A NEW foreign currency retention facility introduced by the Reserve Bank of Zimbabwe (RBZ) this week is expected to inject fresh life into ailing gold minin
g operations and exporting companies that had been on the brink of collapse, analysts and industry players have said.
Analysts said the increase in foreign currency retention levels to 70% would mean more resources for exporting companies which would be bolstered by the devaluation of the local currency undertaken by the central bank on Monday.
Basilio Sandamu, the CEO of the Horticultural Promotion Council, said: “It’s a positive development but it takes time for the impact to be felt.”
Chamber of Mines CEO, David Murangari, said the review of the foreign currency retention policy would help revive the mining sector, particularly gold producers.
“This means more resources for projects,” said Murangari.
“We expect the development to translate into increased productivity,” he added.
He said the major problem affecting the mining sector was the shortage of foreign currency to import inputs and equipment.
RBZ governor Gideon Gono said on Monday exporters would retain 70% of all their foreign currency proceeds in foreign currency accounts.
Previously, exporters retained 70% for 30 days before disposing it on the official market. Gold producers only retained 40% of their receipts in foreign currency accounts.
Gono also devalued the Zimbabwe dollar from US$1:$101 195 to US$1:$250 000.
The rate had been stuck at US$1:$101 195 since January this year.
However, the greenback is currently trading at around US$1:$620 000 on the parallel market.
Economic consultant John Robertson said the devaluation was a positive development but indicated that this remained far lower than that on the parallel market.
He said the disparity between the official exchange rate and the parallel market was huge and the premium on the parallel market would force those with foreign currency to offload receipts on that market to increase margins.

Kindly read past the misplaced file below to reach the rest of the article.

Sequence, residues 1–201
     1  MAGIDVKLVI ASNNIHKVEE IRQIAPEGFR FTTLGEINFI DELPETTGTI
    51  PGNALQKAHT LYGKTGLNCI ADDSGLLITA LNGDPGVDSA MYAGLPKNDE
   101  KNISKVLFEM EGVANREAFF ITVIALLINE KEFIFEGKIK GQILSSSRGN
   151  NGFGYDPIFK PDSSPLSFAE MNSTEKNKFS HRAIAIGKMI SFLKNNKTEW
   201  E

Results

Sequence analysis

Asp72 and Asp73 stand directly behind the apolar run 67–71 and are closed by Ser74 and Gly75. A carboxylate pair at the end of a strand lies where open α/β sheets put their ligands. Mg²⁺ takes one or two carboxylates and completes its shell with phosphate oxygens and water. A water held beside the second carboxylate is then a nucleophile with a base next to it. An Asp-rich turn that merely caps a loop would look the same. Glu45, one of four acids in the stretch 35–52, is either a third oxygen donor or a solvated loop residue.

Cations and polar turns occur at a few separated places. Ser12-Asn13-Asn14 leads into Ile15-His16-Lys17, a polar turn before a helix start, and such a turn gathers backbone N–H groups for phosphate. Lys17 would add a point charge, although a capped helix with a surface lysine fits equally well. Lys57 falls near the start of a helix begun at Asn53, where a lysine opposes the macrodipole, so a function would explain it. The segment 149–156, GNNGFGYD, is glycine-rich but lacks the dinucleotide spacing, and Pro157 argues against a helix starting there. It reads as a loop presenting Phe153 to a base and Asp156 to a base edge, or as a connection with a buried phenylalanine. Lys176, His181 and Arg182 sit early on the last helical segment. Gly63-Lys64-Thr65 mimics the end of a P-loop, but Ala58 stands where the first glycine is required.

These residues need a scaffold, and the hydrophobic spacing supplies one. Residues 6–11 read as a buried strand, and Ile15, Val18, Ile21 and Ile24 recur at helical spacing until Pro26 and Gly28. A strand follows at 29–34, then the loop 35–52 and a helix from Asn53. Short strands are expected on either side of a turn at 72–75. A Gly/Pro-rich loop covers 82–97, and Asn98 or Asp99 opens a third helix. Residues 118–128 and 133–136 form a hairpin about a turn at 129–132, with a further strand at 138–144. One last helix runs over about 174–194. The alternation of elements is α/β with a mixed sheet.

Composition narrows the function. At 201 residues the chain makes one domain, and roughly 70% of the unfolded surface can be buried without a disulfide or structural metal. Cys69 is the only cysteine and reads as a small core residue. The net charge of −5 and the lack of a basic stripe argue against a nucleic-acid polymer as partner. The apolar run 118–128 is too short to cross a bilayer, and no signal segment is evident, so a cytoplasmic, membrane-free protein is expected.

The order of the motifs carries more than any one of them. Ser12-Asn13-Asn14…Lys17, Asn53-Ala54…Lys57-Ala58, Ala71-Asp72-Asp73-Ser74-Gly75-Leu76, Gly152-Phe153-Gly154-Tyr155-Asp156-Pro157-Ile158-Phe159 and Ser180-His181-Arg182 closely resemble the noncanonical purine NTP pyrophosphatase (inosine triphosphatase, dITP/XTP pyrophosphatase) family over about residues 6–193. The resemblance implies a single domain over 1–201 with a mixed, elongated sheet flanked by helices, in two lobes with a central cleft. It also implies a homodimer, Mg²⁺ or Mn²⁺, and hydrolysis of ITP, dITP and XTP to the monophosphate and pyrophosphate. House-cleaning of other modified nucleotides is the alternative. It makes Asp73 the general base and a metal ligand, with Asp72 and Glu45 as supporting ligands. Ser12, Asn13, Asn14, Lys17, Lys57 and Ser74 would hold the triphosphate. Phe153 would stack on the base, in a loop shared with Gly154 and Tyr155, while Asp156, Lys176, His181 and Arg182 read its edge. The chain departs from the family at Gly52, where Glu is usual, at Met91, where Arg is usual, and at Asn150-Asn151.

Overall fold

“The gap between the official and parallel exchange rates is too wide,” said Robertson.
He said miners who had the opportunity to smuggle gold outside the country were likely to continue doing so in order to sell their foreign cash on the parallel market.
However, Robertson admitted that the new foreign currency retention policy would boost productivity in the short-term, ensuring that exporting firms would survive the tumultuous operating environment.
“Retaining 75% for miners and 70% for exporters will enable them to increase output and realise higher revenues,” he said.
Murangari said besides restoring capacity and lost confidence, the decision to review the foreign currency retention levels would also make planning easier for miners.
The future of the country’s mining sector had become uncertain due to the poor exchange rate system coupled with the poor foreign currency retention policy.
Asked if the disparity between the official and parallel market rates would result in smuggling, Murangari said he was not aware of any formal producer who was involved in smuggling activities.
“The smugglers are not our members,” he said.
Murangari said although the official exchange rates still significantly lagged behind the parallel market exchange rates, both exporters and miners were cushioned by the increased retention level.